"We'd prefer not to swim," the March Hare responded. Not only would it be difficult, the March Hare really did not want to have to dry his fur afterwords. He simply was not fond of wet fur.

"There must be some other way," Alice stated as she looked around for an alternative. She noticed a Gryphon flying above them but she knew it was flying much too high for it to possibly hear them. Alice thought about making a raft out of the blades of grass but realized that this would take much too long. There were some leaves here and there but the leaves looked too light to carry all of them across the river. Alice sighed: there just was nothing to create a method of transport in a reasonable amount of time.

Alice's eyes then fell upon a small boat that seemed to have appeared out of thin air. Hatter noticed it too and immediately trotted towards it, dodging the creatures that were still running their Caucus-Race and nearly running into the Dodo. Once Hatter managed to reach the boat he inspected it briefly, having put the Dormouse down momentarily, before calling the others over. Alice and the March Hare followed, also being forced to avoid the race occurring. The March Hare was faster than the other creatures and easily avoided them. However, Alice was not so agile and forced the Lory to run around her. Unfortunately, Alice did not have time to apologize for the Lory was too far from her by the time she could react to the situation.

"We can use this," Hatter remarked when both were able to reach him. He gently lifted the Dormouse and placed him inside the boat. Hatter then assisted Alice into the boat before handing one of the oars to the March Hare. Hatter struggled to push the boat into the water (he did not think that perhaps he should have pushed it a bit more before letting everyone get in). After some difficulty, Hatter hopped into the boat and began to paddle along with the March Hare: their strokes synchronized.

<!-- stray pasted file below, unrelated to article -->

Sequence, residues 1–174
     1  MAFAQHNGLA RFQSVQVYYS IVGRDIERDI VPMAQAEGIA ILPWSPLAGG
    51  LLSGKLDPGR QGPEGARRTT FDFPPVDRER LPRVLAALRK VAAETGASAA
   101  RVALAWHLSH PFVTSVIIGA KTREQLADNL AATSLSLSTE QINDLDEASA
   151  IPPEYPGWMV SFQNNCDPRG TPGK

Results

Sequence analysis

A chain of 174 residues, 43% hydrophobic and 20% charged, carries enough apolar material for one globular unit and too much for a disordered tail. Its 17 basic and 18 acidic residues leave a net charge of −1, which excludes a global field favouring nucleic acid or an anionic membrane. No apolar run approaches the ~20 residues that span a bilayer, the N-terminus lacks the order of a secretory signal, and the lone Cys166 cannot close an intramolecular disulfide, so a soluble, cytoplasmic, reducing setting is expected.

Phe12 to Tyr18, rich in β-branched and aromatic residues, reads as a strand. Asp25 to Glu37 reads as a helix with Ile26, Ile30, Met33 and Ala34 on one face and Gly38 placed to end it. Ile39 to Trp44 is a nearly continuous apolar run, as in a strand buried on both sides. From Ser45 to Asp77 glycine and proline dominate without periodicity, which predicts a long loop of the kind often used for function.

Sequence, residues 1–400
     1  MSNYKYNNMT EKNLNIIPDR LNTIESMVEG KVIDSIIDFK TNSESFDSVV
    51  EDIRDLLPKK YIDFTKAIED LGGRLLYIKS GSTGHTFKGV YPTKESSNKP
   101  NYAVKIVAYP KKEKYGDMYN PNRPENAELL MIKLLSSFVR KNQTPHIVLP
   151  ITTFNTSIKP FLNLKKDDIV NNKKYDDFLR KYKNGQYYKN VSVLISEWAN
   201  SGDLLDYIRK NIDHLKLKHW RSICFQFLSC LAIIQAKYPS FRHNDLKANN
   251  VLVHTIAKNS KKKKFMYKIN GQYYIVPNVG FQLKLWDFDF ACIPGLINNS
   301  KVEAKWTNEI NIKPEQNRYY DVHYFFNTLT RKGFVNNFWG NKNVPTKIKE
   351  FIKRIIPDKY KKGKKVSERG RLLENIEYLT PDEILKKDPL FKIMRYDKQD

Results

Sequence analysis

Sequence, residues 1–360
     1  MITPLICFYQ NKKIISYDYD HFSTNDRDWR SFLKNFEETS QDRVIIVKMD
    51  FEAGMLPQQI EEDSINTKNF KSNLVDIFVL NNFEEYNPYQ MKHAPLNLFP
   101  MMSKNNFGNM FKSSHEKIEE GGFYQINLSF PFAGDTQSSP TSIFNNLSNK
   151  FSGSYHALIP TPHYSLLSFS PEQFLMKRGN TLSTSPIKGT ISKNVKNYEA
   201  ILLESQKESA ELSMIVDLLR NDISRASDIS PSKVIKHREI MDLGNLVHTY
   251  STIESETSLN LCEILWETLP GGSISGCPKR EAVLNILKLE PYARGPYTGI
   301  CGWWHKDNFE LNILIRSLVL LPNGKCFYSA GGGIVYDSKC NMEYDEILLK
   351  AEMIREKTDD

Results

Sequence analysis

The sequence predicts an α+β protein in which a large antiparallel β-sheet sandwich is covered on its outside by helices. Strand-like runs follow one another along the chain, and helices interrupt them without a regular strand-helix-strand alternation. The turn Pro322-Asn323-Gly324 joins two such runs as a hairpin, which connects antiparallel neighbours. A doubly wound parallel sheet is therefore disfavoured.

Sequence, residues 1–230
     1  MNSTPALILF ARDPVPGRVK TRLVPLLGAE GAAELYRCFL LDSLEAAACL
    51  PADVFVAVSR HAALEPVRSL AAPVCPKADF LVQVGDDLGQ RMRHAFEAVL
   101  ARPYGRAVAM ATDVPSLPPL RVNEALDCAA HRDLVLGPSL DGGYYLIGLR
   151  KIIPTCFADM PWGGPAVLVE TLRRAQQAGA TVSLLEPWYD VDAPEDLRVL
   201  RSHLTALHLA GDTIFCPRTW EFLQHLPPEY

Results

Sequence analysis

While the boat moved along the river towards where the rabbit hole was hopefully located, the March Hare made it his mission to splash the Dormouse with a bit of water from his oar. The Dormouse awoke rather suddenly, shaking the water off his fur.

"For the last time, I don't want any tea!" the Dormouse exclaimed, forgetting where he was for a moment.

"That wasn't tea," the March Hare explained. The Dormouse licked a bit of the liquid that was still embedded onto his fur.

"It's rather salty," the Dormouse remarked. "Definitely not tea."

"That's because this river is made of tears," Alice explained.

"Tears?" the March Hare inquired. "How do you know?"

"Well, because I think I made this river. If it's the same river that is," Alice replied, recalling the incident where she cried so much that by the time she had shrunk in size, she had created a river. It was strange because she had not thought of such things for a very long time. Only now were the memories resurfacing. Hatter looked sadly upon the river of tears as he continued to row through. To think someone who had been able to influence Wonderland so much was now about to leave permanently.